When business owners and entrepreneurs launch their companies, they are typically focused on laying the right foundation and positioning themselves for growth, and understandably so. What often falls by the wayside are exit strategies. If the owners do not have a definite and clear idea about when they will end their involvement with the business, they risk never having/living the life they have always wanted and could have had.
All too often business owners continue working in the business until they die of a heart attack or other illness without ever having developed a plan for moving on from the business. Once owners agree that an exit strategy is essential, appropriate documents can be drafted. Without a doubt the most important document in implementing an exit strategy is a Buy/Sell Agreement.
What is a Buy/Sell Agreement?
In order to successfully exit a business a number of issues must be resolved. These issues are best addressed at the beginning of a business and not after it has been operating for a number of years. By that point, if the business has been successful it may be more difficult to discuss business valuation and control. Those who remain may have far different interests and views about the business than those who are leaving. In order to minimize conflict and considerable harm to the business, a Buy/Sell should be drafted early in the life of the business.
A well-drafted and comprehensive Buy/Sell Agreement will address the following issues:
- Selecting a method for valuation acceptable to taxing authorities;
- Determining who can acquire ownership interests and when;
- Determining an order of precedence for acquisition of ownership interests;
- Determining how to fund the purchase of ownership interests.
A well drafted agreement will also accomplish the following:
- Provide a relatively simple way to transfer ownership interests between family members and other owners;
- Provide a ready market for ownership interests which are otherwise not marketable;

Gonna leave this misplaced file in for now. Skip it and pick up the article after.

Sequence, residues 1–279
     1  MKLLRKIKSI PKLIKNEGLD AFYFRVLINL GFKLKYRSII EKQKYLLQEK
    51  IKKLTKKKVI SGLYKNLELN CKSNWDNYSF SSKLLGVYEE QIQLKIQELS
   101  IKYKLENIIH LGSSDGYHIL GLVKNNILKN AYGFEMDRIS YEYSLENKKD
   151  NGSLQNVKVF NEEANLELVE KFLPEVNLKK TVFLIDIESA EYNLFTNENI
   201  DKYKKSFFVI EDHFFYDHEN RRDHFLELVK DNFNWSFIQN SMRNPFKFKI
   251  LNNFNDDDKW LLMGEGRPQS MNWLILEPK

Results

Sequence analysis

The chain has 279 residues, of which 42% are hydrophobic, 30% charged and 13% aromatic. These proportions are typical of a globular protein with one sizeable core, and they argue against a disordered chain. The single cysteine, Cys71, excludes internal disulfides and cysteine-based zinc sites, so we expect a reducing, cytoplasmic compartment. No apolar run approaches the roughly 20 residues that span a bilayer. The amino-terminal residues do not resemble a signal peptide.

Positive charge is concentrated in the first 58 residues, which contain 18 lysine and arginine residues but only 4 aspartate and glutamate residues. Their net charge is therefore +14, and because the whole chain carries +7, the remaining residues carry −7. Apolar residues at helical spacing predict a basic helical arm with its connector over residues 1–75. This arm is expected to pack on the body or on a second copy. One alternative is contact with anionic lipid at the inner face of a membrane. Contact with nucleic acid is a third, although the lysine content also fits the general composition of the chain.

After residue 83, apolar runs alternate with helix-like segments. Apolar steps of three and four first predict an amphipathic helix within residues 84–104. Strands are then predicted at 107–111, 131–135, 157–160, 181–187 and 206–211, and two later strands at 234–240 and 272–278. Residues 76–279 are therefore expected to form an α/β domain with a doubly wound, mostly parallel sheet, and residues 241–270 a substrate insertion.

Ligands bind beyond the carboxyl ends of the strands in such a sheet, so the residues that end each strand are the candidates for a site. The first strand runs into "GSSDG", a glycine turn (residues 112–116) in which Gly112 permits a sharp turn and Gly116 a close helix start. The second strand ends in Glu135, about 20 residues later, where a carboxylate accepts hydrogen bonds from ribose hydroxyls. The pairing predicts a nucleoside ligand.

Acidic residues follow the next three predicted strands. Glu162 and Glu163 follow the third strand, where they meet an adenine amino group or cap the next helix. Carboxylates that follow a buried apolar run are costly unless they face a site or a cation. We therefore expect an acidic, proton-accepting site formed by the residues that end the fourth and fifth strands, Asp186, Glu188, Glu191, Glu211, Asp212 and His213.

- Provide for protection of business know-how and trade secrets upon transfer of ownership interests;
- Provide for non-competition by prior owners upon transfer of ownership interests.
Types of Buy/Sell Agreements
A Buy/Sell Agreement can take three forms: redemption, cross purchase, or hybrid format.
- Redemption Agreement. A redemption agreement is a contract in which the owners agree to sell their ownership interests to the business upon the occurrence of a specified event (i.e., death, retirement, disability). A redemption agreement can result in adverse tax consequences if not structured properly. The sale of an ownership interest to the business may result in the entire purchase price being taxed as a dividend rather than a capital gain without any recovery of the owner’s basis. Although dividends are currently taxed at a low rate this may change in the near future.
- Cross Purchase Agreement. In this form of Buy/Sell Agreement the other business owners agree to purchase the interest of the selling owner. The purchasing owners increase their tax basis in their existing shares by the amount of the purchase price they pay. This form of Buy/Sell is often preferred for its simplicity.
- Hybrid Agreement. A hybrid agreement provides more flexibility than a redemption or cross purchase agreement. The business is given the first right to buy the owners interest but if the business will not or cannot buy the entire interest then the other owners can purchase the remaining interest. One form of hybrid agreement is called the “wait and see” agreement. In this form no decision is made as to whether the business or the other shareholders will buy the interest until a specified event occurs. Thus, depending upon the circumstances when the owner sells, either the business or the owners may be the purchaser. Usually the business is given the first opportunity to buy the interest then the other owners can buy the remainder. If the other owners do not buy the remaining interest the business must buy the remainder.
As you can see from the above, a Buy/Sell Agreement is a very useful, if not essential, business planning document. As there are several potentially complicated issues that can arise, it is highly recommended that you utilize the services of a qualified business attorney to discuss your options.
Yee Law Group, PC, L.L.P.: Sacramento/Roseville Business Attorneys
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This article has been prepared by Yee Law Group, PC, PC for informational purposes only and does not, and is not intended to, constitute legal advice. The information is not provided in the course of an attorney-client relationship and is not intended to substitute for legal advice from an attorney licensed in your jurisdiction.